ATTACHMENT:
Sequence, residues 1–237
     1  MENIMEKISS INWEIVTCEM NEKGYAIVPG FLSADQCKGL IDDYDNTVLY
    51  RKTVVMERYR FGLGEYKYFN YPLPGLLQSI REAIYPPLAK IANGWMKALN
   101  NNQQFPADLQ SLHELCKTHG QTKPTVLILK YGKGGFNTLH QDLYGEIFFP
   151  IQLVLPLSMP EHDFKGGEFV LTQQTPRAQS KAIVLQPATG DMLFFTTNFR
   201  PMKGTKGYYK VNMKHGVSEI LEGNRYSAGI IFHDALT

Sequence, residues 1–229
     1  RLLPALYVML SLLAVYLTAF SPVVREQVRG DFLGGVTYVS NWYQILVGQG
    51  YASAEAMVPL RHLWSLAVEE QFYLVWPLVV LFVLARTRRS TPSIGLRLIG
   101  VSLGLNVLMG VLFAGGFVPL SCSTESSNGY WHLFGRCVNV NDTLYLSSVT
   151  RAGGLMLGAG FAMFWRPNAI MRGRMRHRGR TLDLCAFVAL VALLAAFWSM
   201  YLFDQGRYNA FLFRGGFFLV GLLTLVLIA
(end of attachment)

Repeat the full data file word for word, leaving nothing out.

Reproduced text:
Sequence, residues 1–237
     1  MENIMEKISS INWEIVTCEM NEKGYAIVPG FLSADQCKGL IDDYDNTVLY
    51  RKTVVMERYR FGLGEYKYFN YPLPGLLQSI REAIYPPLAK IANGWMKALN
   101  NNQQFPADLQ SLHELCKTHG QTKPTVLILK YGKGGFNTLH QDLYGEIFFP
   151  IQLVLPLSMP EHDFKGGEFV LTQQTPRAQS KAIVLQPATG DMLFFTTNFR
   201  PMKGTKGYYK VNMKHGVSEI LEGNRYSAGI IFHDALT

Sequence, residues 1–229
     1  RLLPALYVML SLLAVYLTAF SPVVREQVRG DFLGGVTYVS NWYQILVGQG
    51  YASAEAMVPL RHLWSLAVEE QFYLVWPLVV LFVLARTRRS TPSIGLRLIG
   101  VSLGLNVLMG VLFAGGFVPL SCSTESSNGY WHLFGRCVNV NDTLYLSSVT
   151  RAGGLMLGAG FAMFWRPNAI MRGRMRHRGR TLDLCAFVAL VALLAAFWSM
   201  YLFDQGRYNA FLFRGGFFLV GLLTLVLIA